This programme takes a philosophical, theoretical and historical approach to cultural studies, exploring the work of cultural criticism, reception and production through new critical perspectives, interdisciplinary insights and a vast spectrum of applications and opportunities.
We study the major traditions of cultural theory, including semiology, deconstruction, feminism, psychoanalysis, and Frankfurt School theories of the aesthetic, the media and technology. This training enables you to shape your thinking critically and develop your interests in a rigorously analytical context.
These theoretical and historical perspectives allow us to tease out the critical charge embedded in the notion of culture itself, and the transformative potential of creative and critical work in the arts and humanities.
Close reading and textuality are at the heart of the course, encouraging you to think critically about issues of modernity and postmodernity, the postcolonial, subjectivity and sexuality.
Diverse and dynamic
This course began in 1987, when an interdisciplinary MA in Cultural Studies was founded at Leeds. From the outset, the course emphasised the theoretical, philosophical and historical aspects of work in cultural criticism, reception and production. The name was changed to better reflect this approach, and it continues to draw students from across the humanities who are thinking about and working with a broad range of objects and genres including literature, film, visual arts, performance, music and philosophy.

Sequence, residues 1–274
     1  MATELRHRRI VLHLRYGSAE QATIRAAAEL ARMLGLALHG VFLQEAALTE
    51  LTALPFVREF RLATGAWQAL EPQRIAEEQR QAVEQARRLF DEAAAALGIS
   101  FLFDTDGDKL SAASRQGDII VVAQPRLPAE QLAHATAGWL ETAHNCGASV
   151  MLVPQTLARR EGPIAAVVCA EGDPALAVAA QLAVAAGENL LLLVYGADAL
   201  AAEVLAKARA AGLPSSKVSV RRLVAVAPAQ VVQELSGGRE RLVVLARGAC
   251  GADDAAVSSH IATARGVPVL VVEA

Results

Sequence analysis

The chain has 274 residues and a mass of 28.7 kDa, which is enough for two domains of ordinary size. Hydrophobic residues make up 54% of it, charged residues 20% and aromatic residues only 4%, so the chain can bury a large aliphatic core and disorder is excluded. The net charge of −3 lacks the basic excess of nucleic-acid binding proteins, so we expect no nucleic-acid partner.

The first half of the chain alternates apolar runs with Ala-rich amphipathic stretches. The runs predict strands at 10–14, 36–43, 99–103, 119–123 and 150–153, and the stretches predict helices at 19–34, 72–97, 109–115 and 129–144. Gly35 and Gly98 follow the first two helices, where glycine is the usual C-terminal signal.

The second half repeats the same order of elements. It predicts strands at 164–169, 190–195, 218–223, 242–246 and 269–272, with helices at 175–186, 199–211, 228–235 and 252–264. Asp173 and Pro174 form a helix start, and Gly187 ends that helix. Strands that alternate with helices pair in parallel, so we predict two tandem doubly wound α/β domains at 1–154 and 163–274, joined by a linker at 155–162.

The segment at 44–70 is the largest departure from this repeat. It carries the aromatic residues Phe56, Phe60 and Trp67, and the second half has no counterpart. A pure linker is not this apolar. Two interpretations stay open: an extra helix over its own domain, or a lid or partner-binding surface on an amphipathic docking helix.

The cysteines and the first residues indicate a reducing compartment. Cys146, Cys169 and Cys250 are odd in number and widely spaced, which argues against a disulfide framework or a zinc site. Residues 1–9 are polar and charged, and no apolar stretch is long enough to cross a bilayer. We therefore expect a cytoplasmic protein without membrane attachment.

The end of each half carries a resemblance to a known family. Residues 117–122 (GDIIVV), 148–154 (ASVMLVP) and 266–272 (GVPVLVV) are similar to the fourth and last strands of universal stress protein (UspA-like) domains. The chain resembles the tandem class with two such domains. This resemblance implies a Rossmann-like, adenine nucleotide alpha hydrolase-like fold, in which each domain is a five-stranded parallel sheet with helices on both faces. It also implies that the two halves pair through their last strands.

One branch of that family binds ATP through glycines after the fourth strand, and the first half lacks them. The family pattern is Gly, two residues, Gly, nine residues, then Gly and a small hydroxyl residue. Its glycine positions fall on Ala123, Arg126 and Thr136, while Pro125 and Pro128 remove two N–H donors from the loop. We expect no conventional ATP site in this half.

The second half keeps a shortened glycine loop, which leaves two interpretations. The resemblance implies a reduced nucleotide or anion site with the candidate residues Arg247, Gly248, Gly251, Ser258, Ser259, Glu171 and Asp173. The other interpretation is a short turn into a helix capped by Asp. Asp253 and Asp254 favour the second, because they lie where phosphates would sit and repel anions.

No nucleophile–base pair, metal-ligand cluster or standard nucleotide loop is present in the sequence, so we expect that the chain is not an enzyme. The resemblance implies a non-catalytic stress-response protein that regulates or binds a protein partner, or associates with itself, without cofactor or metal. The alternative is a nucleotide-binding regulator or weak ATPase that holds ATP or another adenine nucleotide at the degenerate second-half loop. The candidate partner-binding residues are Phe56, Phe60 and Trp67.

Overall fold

Cultural studies emerged as a discipline in the mid-20th century as a critical, scholarly response to the social movements of the time – anti-colonial struggles, the civil rights movement and feminism – and as a rigorous study of the relations between culture and class.
The MA is housed in a School with an ambitious interdisciplinary project, an active fine art community, a critically and politically engaged history of art degree and a dynamic museum studies course. While this rich context is one of its defining characteristics, the MA is not limited to a consideration of art and aesthetics. Our approach is also informed by other cultural forms, such as text, music and popular culture and critical traditions – from literary criticism and semiology to sound studies and new thinking on technology, gender, and the posthuman.
The University incorporates world-class library resources and collections. The Brotherton Library holds a wide variety of archive and early printed material in its Special Collections which are available for use in your independent research. Our other library resources are also excellent, and the University Library offers a comprehensive training programme to help you make the most of them.
The School houses Parallax, published by Taylor & Francis, an internationally distributed journal of cultural theory and analysis.